List Related/Similar Nodes using Views 3

Want to show a list of related or similar nodes in a block on the current node's page?   All you need is Views.

These instructions will help you create a View of related nodes (based on shared taxonomy terms) in order of relevance.  Nodes that share more terms with the current node are shown at the top of the list.  For example, if you have a node IPhone 4S node with terms Gadget, Apple, and Phone, you can get similar nodes in the following order:

IPhone 3 (Apple, Gadget, Phone)
IPad (Apple, Gadget, Tablet)
Mac (Apple, Computer)
Bramley (Apple, Fruit, Tree)

To create the View:
  1. Create a block view
  2. Add Contextual filter -> Content: Nid -> Provide default value -> Content ID from URL
  3. Add Relationship -> Content: Taxonomy terms on node -> specify the appropriate vocabulary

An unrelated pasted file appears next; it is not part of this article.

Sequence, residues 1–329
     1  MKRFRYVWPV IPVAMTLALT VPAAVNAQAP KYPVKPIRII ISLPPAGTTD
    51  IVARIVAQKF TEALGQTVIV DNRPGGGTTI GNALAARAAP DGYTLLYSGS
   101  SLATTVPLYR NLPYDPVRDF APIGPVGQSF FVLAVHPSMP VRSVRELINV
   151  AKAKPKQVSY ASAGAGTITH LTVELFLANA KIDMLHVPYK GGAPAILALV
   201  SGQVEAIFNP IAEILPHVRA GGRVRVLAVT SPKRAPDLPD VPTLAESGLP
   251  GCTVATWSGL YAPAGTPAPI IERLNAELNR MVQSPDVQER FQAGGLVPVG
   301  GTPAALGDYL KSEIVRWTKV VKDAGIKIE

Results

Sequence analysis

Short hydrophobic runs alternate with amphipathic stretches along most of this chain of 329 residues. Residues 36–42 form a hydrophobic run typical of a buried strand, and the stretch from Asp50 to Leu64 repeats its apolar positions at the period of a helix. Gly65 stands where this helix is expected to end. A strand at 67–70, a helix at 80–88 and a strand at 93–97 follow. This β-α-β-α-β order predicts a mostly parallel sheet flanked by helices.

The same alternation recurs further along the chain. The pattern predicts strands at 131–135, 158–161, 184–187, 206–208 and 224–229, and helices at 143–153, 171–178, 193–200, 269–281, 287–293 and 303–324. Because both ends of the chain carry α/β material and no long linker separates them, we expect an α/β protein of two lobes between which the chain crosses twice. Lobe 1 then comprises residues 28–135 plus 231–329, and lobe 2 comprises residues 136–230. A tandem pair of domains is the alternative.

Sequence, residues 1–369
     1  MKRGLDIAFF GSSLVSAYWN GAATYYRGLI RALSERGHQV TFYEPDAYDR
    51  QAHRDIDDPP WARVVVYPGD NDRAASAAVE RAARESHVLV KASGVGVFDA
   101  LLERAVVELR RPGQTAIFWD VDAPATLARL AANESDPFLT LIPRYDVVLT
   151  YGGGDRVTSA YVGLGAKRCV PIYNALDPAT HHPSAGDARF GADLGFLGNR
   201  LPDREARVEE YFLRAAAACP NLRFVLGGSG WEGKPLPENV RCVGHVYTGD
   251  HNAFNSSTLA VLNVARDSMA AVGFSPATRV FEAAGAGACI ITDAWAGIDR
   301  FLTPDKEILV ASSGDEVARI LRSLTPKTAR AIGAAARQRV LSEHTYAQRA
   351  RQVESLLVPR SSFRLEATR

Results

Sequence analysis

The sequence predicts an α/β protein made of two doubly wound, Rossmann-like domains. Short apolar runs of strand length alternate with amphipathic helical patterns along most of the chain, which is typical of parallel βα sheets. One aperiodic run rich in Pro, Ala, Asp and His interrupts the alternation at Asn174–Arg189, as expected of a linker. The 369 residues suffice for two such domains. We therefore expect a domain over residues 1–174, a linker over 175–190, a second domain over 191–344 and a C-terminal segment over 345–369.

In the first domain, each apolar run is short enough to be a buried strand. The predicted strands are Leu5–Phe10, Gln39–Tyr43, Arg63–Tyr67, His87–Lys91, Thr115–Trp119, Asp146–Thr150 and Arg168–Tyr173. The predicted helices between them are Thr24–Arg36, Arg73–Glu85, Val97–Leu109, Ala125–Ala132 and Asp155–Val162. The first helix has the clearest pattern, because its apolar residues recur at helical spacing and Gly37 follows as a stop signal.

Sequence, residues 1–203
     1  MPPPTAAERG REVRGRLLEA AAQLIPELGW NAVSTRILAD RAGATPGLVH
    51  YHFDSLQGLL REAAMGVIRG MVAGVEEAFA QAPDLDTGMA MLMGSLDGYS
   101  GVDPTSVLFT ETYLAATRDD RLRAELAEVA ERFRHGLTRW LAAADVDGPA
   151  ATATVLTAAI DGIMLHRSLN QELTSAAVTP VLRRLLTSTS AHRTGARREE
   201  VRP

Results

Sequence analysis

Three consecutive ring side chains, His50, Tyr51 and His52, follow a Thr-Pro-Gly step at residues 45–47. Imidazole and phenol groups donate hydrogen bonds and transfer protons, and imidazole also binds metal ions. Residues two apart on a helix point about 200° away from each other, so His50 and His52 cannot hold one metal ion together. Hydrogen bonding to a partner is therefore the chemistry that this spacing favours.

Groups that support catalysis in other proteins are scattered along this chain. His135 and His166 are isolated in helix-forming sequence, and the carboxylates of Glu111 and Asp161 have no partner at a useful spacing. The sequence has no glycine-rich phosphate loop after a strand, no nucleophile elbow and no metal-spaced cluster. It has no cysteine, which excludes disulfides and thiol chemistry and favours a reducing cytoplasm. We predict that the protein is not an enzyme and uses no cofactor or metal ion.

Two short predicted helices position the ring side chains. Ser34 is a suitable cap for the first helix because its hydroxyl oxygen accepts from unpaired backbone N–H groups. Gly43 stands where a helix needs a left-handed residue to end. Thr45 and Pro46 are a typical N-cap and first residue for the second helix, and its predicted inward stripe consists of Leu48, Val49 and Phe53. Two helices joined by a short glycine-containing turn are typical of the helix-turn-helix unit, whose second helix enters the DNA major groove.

4. Add Relationship -> Taxonomy term: Content using vocabulary as specified above -> Check off Require this relationship
  5. Turn on Views aggregation
  6. Assuming you are listing title only, edit the title field to use the Relationship you set up in #4 above.
  7. Add new sort criteria of Content: Nid. In aggregation settings, select Count. Use relationship from #4 and sort descending
  8. Add Contextual filter -> Content: Nid -> Use relationship from #4 -> Provide default value - Content ID from URL -> Scroll down and expand "More" then check "Exclude" to remove current node from the view
Created with Drupal 7, Views 7.x-3.3 -- Click to enlarge

Credits: From my answer on Stackoverflow